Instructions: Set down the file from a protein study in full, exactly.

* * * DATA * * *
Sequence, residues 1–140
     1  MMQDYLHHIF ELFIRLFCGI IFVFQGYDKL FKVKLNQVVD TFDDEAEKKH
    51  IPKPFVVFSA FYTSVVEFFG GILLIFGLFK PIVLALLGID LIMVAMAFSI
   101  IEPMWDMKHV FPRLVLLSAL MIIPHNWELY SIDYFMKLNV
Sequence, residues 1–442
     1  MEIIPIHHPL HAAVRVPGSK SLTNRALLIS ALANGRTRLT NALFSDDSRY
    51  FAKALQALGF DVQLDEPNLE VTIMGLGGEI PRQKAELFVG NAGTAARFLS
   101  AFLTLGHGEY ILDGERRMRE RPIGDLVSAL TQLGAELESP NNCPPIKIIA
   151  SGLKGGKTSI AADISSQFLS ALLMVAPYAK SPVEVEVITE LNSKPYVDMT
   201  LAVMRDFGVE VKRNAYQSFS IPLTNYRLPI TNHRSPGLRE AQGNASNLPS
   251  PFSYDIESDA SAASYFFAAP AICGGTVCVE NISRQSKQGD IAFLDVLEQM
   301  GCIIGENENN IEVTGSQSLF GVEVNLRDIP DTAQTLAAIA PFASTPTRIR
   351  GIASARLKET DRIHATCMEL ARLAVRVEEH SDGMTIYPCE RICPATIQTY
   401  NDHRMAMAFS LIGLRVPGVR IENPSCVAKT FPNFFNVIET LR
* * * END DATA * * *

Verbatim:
Sequence, residues 1–140
     1  MMQDYLHHIF ELFIRLFCGI IFVFQGYDKL FKVKLNQVVD TFDDEAEKKH
    51  IPKPFVVFSA FYTSVVEFFG GILLIFGLFK PIVLALLGID LIMVAMAFSI
   101  IEPMWDMKHV FPRLVLLSAL MIIPHNWELY SIDYFMKLNV
Sequence, residues 1–442
     1  MEIIPIHHPL HAAVRVPGSK SLTNRALLIS ALANGRTRLT NALFSDDSRY
    51  FAKALQALGF DVQLDEPNLE VTIMGLGGEI PRQKAELFVG NAGTAARFLS
   101  AFLTLGHGEY ILDGERRMRE RPIGDLVSAL TQLGAELESP NNCPPIKIIA
   151  SGLKGGKTSI AADISSQFLS ALLMVAPYAK SPVEVEVITE LNSKPYVDMT
   201  LAVMRDFGVE VKRNAYQSFS IPLTNYRLPI TNHRSPGLRE AQGNASNLPS
   251  PFSYDIESDA SAASYFFAAP AICGGTVCVE NISRQSKQGD IAFLDVLEQM
   301  GCIIGENENN IEVTGSQSLF GVEVNLRDIP DTAQTLAAIA PFASTPTRIR
   351  GIASARLKET DRIHATCMEL ARLAVRVEEH SDGMTIYPCE RICPATIQTY
   401  NDHRMAMAFS LIGLRVPGVR IENPSCVAKT FPNFFNVIET LR